the path towards the nal proof it inspired and gave birth
to new areas of mathematics, such as the theory of ellip
tic curves. Although the Riemann Hypothesis has not
been proven or disproven it has already stimulated and
inuenced many areas of mathematics, e.g. Lfunctions,
which can be thought of as generalised zeta functions, for
which a generalised Riemann Hypothesis may hold. In
terestingly, for Lfunctions dened over functional space
rather than the number eld, the similar hypothesis is
rigorously proven.
Further evidence also suggests the validity of the Rie
mann Hypothesis, let us just think of Levinsons theorem
guaranteeing that at least one third of the zeros are on
the critical line. We, however, cannot exclude the pos
sibility of the existence of a counterexample to the Rie
mann Hypothesis, i.e. a very high lying zero s = + it
for which ,= 1/2. Similarly to the Mertens conjecture,
the counterexample may occur so high on the critical
line, that we have no machinery to even calculate zeros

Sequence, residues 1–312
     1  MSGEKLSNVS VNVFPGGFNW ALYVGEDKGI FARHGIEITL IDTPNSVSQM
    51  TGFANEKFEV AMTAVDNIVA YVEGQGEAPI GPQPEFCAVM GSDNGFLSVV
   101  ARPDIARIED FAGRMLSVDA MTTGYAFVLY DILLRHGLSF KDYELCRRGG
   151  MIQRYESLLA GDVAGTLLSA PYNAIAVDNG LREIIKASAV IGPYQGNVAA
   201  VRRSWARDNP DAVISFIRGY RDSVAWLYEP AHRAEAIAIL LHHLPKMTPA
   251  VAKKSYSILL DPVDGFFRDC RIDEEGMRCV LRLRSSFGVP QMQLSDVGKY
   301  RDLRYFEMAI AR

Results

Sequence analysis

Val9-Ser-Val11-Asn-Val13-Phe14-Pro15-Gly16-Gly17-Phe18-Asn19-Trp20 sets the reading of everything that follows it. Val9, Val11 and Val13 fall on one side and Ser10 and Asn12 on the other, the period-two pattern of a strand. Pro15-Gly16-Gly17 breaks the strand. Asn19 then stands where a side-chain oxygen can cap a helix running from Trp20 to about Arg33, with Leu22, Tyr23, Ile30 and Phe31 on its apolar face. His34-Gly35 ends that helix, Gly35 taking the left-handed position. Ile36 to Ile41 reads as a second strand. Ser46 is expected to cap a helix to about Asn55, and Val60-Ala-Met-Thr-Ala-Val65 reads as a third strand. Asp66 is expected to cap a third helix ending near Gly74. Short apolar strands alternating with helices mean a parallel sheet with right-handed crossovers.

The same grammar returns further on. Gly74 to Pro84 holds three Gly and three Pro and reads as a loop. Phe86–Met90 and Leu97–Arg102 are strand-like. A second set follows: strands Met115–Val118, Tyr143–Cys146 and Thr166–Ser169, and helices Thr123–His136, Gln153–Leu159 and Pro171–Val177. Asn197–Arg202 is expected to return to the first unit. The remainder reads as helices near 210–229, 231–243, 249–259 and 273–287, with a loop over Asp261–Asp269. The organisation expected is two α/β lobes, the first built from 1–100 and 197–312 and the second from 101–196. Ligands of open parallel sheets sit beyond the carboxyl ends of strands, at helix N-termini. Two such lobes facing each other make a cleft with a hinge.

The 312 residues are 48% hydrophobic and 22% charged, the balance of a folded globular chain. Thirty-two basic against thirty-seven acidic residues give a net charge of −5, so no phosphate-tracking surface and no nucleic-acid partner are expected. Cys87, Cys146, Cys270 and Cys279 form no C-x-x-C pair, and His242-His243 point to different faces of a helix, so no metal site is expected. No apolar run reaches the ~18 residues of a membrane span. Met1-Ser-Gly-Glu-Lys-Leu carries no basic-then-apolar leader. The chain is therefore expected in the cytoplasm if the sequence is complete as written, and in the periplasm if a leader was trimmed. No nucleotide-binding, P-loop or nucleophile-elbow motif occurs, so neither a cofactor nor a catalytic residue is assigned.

at that elevation. The immediate impact of such a col
lapse of the Riemann Hypothesis would be immense since
there exist numerous proofs that are contingent upon
it (Titchmarsh and HeathBrown, 2003).
That said, we cannot miss out in this review one
computational masterpiece. Not long after World War
II, in which mechanical and electrical computers were
often used for encrypting messages (Enigma) and also
for research (ENIAC), Balthasar van der Pol con
structed an electromechanical machine which could cal
culate the rst few zeros of the Riemann zeta func
tion (van der Pol, 1947). This construction, despite its
limited achievement, deserves to be treated as a gem
in the history of the natural sciences. Several decades
later, on the other end of the spectrum, a stateof
theart application of numerical techniques carried out
by Brent, van de Lune, te Riele and Winter (Brent,
1979; Brent et al., 1982; van de Lune and te Riele, 1983;
van de Lune et al., 1986) calculated the rst 1.5 10
9
zeros. Meanwhile Odlyzko (Odlyzko, 1987) explored the
zeros located around t 10
20
, and showed that all zeros
(millions of them) he found do exactly lie on the critical
line. Here we note, that these numerical checking are, of
their own right, signicant achievements, and also have
inuenced the development of fast numerical techniques
used in physics (see e.g. (Draghicescu, 1994; Greengard,
1994)).
In this review article we collected a few examples from
dierent areas of mathematical physics, starting with
classical mechanics and nishing with statistical mechan